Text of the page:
One of the discouraging findings of the latest data analysis is that the landscape includes as much as 50% more impervious surfaces than were identified in previous studies. The good news is that these findings can help target remediation efforts and improved management practices on the highest priority areas. 

The increased precision in land use and land cover data also allow for adjustments in policy. Data at this resolution maps urban forests across the watershed in a consistent manner, over consistent timeframes for the first time, illustrating how forests and tree canopy are changing.

The next release of data is expected in spring 2022 and should provide even more useful information about what human activities are occurring on the ground and how they are changing over time. This will allow states, local governments and conservation advocates to prioritize areas that are experiencing undesired changes for conservation and restoration, while enabling a more accurate assessment of progress on restoration and conservation initiatives. 

High-precision data about land cover and land use are being used to support the Bay Program in several other critical areas including: 

Understanding how water flows: High-resolution terrain data are displaying detailed and accurate networks of stream channels, roadside and agricultural ditches, and estimates of channel characteristics. These data will inform partners about how water moves throughout the landscape and where best management practices could be located to most effectively reduce nutrient and sediment loads entering the Bay’s tributaries. 

Mapping and tracking best management practice opportunities: High-resolution datasets and modeling are being used to develop a data-driven, dynamic blueprint for conservation strategies in the Chesapeake Bay watershed. This information will 

help local governments and practitioners understand restoration opportunities that exist in their geographies, identify the suite of practices that will help move them toward their Watershed Implementation Plan goals, and track implementation of these practices to streamline the reporting process. 

Synthesizing the data: The CIC provides geospatial planning and support to the Chesapeake Bay Program to create a comprehensive plan and structure that allows Bay Program partners to integrate geospatial data into management efforts. The team completed a user research study to gather information on how data and mapping decision support tools are currently used within the partnership and to develop recommendations on improving access to, and improving the usability of, geospatial information in support of achieving Chesapeake Bay Program goals.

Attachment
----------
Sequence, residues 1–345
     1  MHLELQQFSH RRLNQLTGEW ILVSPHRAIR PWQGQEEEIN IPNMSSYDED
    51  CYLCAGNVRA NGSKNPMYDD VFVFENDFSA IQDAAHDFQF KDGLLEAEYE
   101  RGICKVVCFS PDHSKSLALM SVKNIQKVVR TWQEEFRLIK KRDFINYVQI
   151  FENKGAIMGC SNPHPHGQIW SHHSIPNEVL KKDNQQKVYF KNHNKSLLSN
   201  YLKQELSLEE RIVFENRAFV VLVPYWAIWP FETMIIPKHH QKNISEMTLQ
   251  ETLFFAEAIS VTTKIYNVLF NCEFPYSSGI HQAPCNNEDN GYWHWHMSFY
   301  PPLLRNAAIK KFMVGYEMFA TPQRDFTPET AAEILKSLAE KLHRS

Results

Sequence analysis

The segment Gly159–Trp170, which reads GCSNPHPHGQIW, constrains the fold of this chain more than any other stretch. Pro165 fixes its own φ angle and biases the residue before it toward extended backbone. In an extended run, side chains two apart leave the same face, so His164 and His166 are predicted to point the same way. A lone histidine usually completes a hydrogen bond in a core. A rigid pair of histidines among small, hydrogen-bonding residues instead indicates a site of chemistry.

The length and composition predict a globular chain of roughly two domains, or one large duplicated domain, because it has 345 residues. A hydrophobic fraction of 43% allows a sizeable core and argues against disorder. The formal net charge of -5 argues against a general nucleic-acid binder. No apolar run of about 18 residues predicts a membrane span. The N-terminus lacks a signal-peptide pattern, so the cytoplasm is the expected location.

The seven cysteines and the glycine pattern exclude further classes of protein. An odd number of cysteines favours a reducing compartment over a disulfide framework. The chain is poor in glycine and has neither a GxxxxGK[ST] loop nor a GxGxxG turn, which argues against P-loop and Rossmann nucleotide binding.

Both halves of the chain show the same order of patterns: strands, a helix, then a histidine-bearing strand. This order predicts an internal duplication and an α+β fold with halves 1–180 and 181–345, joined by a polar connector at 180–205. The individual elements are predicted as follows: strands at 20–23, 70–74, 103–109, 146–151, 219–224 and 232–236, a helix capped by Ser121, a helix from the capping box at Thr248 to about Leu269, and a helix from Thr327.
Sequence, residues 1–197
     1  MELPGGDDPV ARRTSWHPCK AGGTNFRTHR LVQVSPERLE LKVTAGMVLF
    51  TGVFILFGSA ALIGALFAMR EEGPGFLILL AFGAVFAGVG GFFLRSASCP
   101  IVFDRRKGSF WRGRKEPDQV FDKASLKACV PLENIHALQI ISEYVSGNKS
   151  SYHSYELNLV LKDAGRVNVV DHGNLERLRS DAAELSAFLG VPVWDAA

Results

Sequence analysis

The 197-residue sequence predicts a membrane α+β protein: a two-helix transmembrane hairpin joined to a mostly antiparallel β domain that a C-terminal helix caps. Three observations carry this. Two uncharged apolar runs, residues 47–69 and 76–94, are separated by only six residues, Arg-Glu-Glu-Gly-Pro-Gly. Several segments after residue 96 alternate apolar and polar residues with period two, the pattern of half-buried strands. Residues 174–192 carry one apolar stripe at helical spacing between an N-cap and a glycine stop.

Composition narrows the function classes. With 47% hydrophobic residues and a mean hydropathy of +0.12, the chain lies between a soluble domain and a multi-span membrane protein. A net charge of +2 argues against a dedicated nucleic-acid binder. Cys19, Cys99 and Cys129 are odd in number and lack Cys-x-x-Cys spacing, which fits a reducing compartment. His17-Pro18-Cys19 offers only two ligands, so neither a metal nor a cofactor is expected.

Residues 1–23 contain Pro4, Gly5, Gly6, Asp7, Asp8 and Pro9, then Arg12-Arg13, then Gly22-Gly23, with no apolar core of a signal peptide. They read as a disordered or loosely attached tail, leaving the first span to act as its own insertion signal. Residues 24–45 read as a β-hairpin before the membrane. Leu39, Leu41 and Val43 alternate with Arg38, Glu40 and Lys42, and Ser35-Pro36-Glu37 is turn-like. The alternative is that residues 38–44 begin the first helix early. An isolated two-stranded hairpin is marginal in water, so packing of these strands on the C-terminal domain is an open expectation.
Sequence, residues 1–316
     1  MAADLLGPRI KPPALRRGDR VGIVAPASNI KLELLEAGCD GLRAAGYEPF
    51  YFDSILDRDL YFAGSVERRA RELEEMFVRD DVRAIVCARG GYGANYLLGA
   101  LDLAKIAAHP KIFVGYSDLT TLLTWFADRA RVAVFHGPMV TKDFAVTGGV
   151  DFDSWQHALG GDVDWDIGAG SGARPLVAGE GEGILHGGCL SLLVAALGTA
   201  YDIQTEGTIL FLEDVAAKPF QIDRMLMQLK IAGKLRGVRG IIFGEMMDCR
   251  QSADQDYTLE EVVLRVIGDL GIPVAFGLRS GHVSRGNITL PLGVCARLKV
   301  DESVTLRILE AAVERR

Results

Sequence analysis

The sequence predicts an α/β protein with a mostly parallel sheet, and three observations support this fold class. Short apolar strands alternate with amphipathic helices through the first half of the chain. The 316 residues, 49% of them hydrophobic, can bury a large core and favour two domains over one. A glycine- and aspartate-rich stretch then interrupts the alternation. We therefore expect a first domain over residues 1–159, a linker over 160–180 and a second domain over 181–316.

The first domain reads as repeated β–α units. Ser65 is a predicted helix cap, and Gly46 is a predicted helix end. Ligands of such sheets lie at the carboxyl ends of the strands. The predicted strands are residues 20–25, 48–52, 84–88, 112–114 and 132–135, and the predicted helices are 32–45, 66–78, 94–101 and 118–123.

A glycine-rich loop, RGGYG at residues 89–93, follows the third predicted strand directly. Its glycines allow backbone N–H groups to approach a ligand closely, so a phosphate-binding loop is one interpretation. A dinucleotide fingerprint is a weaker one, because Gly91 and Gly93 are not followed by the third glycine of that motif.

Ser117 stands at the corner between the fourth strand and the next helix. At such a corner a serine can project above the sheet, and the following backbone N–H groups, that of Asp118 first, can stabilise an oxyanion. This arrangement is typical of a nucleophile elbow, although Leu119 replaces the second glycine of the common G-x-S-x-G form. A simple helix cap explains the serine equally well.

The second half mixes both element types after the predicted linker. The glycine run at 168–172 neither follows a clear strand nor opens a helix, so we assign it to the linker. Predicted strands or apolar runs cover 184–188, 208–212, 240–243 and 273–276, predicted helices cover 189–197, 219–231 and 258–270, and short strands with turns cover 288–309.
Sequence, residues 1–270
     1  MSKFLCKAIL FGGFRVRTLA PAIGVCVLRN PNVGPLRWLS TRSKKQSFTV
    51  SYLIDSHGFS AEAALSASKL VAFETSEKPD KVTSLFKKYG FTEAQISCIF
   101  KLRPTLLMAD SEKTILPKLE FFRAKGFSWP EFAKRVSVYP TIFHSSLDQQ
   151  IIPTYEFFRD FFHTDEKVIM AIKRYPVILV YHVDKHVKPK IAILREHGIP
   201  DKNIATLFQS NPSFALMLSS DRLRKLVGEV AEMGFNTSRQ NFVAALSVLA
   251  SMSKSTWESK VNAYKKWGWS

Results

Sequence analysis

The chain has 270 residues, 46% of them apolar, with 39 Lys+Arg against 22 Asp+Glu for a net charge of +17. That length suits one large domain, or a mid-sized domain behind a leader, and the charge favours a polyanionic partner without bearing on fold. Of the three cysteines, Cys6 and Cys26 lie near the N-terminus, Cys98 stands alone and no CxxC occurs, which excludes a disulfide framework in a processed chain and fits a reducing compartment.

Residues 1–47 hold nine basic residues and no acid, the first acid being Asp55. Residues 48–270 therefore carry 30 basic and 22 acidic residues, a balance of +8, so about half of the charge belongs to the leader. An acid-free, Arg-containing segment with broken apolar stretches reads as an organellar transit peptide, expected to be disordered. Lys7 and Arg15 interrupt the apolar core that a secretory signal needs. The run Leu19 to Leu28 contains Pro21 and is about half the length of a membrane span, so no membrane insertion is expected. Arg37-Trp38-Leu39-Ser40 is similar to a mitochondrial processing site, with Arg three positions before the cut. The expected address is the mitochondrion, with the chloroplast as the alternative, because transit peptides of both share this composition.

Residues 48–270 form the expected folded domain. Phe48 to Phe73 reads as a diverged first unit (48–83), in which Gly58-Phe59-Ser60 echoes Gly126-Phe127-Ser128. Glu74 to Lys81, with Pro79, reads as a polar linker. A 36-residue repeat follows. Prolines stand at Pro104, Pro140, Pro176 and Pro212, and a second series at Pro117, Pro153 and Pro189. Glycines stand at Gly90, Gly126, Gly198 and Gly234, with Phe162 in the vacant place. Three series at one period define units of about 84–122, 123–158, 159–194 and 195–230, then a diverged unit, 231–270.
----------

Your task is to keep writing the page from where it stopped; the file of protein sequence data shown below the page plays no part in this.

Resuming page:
These one-meter resolution land use and land cover data are foundational, authoritative and transformative to the Bay restoration effort. They represent a major and unprecedented advance in our collective ability to characterize the landscape and how it is changing through time. The CIC and USGS are dedicated to helping organizations use the data to make more effective and efficient conservation and restoration decisions.

In-text Images: 

  1. NAIP Imagery, Chesapeake Conservancy 
  2. 1-Meter Land Cover, Chesapeake Conservancy 
  3. 1-Meter Land Use, Chesapeake Conservancy 
  4. Hyner View State Park, Susquehanna River, Clinton County ( Nicholas A. Tonelli) 

Lightning Update is a regular communication of the Chesapeake Conservation Partnership. Any opinions expressed are those of the authors and do not necessarily reflect positions of the Partnership or member organizations.
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Support for the Chesapeake Conservation Partnership is provided by:
National Park Service Chesapeake
EPA Chesapeake Bay Program
USDA Forest Service
Pennsylvania Department of Conservation & Natural Resources
Maryland Department of Natural Resources
Virginia Outdoors Foundation
US Fish & Wildlife Service
Chesapeake Conservancy

The Chesapeake Conservation Partnership is co-convened by: